Diane Nash and my friend, Troy Smith, who has taught his “Malcolm and Martin” undergraduate class for 20 years at different colleges and universities across Massachusetts.
Here’s what he had to say about this:
I was so moved today after watching the “Freedom Summer” documentary on PBS. To see Fannie Lou Hamer speak is to be inspired. As we approach the 50th anniversary of the passage of the Civil Rights Act of 1964 that was enacted on July, 2 of that year, I am reflecting on the many unsung heroines and heroes who risked and sacrificed their lives for our freedom.
It was truly an honor for me to meet civil rights legends Ms. Diane Nash and Reverend C.T. Vivian at the Syracuse University College of Law back on March 20-23, 2014 during an emotional and empowering civil rights conference. They were invited by the SU Cold Case Justice Initiative, which investigates unsolved homicides from the Civil Rights era.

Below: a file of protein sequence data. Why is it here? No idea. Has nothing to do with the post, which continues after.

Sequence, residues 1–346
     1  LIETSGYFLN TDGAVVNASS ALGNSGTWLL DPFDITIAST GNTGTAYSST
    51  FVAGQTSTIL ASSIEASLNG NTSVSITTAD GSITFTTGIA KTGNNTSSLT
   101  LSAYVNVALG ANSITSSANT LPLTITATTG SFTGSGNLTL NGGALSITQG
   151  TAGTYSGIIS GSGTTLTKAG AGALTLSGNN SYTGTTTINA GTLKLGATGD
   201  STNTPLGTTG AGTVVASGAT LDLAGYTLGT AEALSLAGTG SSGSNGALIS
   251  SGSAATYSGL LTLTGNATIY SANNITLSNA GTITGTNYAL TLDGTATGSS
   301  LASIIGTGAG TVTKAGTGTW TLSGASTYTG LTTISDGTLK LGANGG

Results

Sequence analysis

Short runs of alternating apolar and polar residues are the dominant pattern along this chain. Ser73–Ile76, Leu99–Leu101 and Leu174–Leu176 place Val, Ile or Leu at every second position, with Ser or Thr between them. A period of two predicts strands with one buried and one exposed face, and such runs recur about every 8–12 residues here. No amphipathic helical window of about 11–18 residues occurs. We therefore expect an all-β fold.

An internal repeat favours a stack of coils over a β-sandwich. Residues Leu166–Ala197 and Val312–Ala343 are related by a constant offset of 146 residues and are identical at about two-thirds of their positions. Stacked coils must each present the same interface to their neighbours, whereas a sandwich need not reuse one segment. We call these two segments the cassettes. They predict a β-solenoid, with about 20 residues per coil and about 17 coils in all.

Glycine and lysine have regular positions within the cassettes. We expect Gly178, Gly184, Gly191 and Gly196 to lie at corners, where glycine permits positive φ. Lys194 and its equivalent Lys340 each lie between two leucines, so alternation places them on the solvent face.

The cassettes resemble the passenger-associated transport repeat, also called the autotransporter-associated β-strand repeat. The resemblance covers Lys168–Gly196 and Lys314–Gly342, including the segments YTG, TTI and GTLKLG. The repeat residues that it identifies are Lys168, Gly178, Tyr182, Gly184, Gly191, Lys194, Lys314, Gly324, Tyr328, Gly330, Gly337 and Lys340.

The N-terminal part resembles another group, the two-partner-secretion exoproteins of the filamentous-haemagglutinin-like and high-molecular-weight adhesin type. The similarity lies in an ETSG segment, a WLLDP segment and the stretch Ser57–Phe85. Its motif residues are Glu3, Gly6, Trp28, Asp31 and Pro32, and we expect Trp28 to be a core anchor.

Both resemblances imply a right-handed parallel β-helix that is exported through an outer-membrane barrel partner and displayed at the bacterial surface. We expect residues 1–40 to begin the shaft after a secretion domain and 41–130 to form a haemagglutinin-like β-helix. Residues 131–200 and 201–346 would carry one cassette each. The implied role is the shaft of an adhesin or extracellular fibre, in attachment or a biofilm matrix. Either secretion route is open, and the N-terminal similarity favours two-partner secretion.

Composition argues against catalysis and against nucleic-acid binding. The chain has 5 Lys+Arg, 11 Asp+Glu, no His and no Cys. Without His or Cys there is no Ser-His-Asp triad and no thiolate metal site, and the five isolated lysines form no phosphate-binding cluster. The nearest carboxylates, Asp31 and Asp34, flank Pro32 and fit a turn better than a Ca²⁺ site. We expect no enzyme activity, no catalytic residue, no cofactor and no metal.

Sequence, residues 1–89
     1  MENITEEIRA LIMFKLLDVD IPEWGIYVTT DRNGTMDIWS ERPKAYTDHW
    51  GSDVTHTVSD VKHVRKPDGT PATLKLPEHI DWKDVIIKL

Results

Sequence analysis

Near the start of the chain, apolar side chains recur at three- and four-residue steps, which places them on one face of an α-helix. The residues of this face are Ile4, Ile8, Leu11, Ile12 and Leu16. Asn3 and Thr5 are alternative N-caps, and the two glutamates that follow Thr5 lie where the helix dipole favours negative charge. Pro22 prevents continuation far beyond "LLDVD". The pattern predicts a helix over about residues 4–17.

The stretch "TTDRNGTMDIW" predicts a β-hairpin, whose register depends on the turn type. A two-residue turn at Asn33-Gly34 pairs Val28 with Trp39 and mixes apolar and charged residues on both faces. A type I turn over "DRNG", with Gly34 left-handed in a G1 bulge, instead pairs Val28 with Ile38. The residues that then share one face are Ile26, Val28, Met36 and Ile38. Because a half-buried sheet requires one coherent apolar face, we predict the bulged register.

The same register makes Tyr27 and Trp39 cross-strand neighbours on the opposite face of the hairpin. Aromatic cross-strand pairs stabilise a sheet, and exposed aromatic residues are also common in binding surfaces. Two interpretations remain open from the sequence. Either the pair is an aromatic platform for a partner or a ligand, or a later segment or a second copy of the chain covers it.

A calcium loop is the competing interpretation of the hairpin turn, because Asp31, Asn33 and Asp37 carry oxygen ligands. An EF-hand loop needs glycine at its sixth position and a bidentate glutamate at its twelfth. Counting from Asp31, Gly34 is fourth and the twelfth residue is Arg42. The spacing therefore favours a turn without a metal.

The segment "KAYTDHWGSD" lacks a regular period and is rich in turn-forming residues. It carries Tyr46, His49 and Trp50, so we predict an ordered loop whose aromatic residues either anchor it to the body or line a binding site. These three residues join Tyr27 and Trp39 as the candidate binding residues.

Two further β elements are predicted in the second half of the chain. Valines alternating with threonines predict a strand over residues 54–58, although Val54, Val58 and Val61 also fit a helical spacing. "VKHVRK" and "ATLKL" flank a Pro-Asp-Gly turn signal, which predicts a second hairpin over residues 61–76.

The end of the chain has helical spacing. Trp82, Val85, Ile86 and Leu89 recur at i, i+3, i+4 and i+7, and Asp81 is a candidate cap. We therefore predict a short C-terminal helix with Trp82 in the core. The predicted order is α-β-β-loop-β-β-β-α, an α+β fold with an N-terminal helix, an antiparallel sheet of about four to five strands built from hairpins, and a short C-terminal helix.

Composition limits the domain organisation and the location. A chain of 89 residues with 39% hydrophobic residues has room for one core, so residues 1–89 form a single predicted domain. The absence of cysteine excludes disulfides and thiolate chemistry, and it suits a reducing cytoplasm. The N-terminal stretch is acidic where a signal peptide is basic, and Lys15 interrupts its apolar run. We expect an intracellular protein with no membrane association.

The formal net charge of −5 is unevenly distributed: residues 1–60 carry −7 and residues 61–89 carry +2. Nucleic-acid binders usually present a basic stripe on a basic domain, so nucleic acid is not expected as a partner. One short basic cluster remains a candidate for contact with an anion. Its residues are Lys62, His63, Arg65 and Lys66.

This summer as I teach three courses focused on the Civil Rights Movement at North Shore, Springfield, and Cambridge College, I am thankful for the opportunity to work with students of such diverse cultural backgrounds, ages and experiences. When students share the growth that they have experienced from their work in my course it means a lot. I feel that I am doing what I should be doing and that is a blessing. Tomorrow my North Shore Community College class will debate the proposition that, “Racism continues to grow in the United States even after the Civil Rights Movement era.”
I dedicate my summer classes to those pioneers who made today’s opportunities possible, and to the community oriented students of today who will make the social transformations of tomorrow a reality.